Scottish charity regulator will not challenge appeal panel’s ruling on Catholic adoption agency
Posted: Wed, 19 Mar 2014
The Office of the Scottish Charity Regulator (OSCR) will not appeal a court ruling quashing its decision to revoke charitable status from a Catholic adoption agency which discriminates against same-sex couples.
St Margaret's Children and Family Care Society had been told in January 2013 by the OSCR that it was to lose its status over its refusal to place children with same-sex couples.
But the ruling was overturned by the Scottish Charity Appeals Panel (SCAP) last month, which ruled that the discrimination was indirect because St Margaret's gives priority to prospective parents who are a couple, Catholic and married for at least two years.
In a statement on its website, the OSCR said that its decision not to appeal was based on the fact that an appeal would be expensive, unlikely to succeed and have limited wider implications, especially given the recent passing of equal marriage legislation inScotland.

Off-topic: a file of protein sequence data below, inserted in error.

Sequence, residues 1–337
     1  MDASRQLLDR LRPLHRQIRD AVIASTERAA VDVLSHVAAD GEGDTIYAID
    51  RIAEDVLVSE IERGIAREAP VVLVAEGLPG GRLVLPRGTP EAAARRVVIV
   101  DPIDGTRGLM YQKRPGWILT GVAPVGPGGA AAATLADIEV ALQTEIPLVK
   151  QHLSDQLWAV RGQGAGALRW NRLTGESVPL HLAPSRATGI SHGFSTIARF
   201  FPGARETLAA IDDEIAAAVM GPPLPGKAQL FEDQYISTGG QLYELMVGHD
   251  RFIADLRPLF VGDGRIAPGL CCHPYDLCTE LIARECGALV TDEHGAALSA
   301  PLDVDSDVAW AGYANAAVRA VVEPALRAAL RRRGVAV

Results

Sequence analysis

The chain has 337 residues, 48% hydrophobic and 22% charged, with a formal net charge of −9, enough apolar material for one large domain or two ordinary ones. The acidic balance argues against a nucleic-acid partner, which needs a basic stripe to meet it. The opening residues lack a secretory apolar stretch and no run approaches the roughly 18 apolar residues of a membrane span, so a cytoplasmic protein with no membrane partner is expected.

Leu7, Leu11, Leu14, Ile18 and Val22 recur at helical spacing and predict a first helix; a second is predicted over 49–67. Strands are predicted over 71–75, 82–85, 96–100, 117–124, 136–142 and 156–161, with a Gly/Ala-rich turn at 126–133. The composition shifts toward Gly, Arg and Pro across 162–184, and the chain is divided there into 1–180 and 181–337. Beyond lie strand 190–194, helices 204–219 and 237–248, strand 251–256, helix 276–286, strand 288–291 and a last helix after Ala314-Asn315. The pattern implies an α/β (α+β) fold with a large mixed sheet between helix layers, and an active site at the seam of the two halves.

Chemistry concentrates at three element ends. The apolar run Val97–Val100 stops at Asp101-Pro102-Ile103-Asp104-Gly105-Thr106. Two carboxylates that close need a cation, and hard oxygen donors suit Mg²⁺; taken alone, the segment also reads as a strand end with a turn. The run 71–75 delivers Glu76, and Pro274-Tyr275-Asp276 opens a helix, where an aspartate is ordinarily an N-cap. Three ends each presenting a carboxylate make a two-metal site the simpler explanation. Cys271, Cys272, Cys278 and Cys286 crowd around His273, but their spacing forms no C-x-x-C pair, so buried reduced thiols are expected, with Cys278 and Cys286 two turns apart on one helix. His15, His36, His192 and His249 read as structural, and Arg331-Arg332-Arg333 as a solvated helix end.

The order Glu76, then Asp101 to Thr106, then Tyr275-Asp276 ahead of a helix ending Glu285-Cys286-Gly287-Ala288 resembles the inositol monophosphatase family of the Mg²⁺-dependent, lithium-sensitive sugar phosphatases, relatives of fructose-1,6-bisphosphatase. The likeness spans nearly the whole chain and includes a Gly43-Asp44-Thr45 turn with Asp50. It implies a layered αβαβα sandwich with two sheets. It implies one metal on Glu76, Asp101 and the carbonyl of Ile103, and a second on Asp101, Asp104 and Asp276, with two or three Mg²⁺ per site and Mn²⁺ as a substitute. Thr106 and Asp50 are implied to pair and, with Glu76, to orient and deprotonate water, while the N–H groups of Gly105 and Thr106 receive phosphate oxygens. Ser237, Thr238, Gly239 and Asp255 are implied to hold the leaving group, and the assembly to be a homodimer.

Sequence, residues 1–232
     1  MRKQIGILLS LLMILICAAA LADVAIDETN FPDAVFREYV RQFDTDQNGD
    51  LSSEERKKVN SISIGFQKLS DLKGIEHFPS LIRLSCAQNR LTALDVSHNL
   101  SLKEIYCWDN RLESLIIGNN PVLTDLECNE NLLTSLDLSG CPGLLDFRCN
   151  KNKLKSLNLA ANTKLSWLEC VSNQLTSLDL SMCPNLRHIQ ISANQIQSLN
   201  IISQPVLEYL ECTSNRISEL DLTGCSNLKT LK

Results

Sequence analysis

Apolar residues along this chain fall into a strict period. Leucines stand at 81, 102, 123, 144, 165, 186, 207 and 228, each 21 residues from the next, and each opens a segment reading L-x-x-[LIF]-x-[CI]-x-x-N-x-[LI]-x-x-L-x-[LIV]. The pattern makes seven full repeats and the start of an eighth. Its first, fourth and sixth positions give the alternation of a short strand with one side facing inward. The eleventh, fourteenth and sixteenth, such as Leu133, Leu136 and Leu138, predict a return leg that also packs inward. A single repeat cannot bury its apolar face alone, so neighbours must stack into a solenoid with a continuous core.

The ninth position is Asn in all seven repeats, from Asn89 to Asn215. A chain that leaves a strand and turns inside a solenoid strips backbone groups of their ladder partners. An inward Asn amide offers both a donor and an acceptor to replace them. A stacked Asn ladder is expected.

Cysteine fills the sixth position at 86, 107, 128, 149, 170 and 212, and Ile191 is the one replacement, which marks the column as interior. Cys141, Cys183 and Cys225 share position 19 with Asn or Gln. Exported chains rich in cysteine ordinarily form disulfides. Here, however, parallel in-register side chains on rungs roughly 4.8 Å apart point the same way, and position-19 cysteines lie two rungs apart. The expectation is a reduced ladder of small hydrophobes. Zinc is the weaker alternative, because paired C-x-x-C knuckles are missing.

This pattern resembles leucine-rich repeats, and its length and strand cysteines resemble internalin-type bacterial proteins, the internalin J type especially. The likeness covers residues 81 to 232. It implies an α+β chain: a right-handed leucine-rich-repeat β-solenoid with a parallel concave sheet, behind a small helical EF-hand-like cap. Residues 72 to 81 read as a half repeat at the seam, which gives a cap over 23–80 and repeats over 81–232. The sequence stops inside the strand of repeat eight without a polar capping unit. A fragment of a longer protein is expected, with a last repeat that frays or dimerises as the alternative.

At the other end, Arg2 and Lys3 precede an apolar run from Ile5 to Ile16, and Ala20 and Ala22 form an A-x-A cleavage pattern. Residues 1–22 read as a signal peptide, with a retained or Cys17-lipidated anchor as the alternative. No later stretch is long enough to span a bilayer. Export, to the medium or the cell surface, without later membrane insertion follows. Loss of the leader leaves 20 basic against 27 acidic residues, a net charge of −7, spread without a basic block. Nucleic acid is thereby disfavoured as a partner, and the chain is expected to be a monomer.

"The SCAP made its decision having heard additional evidence from the charity, which was not available to the OSCR when it took its decision to issue a direction to the charity," it stated.
The regulator also said that the SCAP's decision "includes a number of comments on wider aspects of charity regulation which OSCR finds difficult to follow".
The note reiterates OSCR will continue to regard unlawful discrimination by charities as a serious issue that would prompt a re-examination of whether the charity meets the public benefit test. It also says that the OSCR is duty bound to promote equal opportunities, and that in cases where a charity's pursuit of benefit results in disbenefit by discrimination, it will "make a judgement on the whole picture of public benefit in the body being looked at".
The note also says: "There may be circumstances where our duty to ensure compliance with charity law will require us to take action which may result in charities being removed from the Scottish charity register, even if this affects their ability to continue in existence."
OSCR is planning to update its guidance on meeting the charity test, and will consider the issues raised by the St Margaret's case when doing so. No timescale has been decided and OSCR will consult on revised guidance.
The new ruling leaves St Margaret's Children and Family Care Society free to continue its discriminatory policy on refusing to consider potential adoption by gay parents.
Terry Sanderson, president of the National Secular Society – which made the original complaint about St Margaret's discriminatory policies – said: "It is a shame that this clearly incorrect appeals ruling will not be challenged. Our own lawyers have told us that the appeal panel's ruling is full of holes but unfortunately we do not have the legal standing to mount a court challenge ourselves."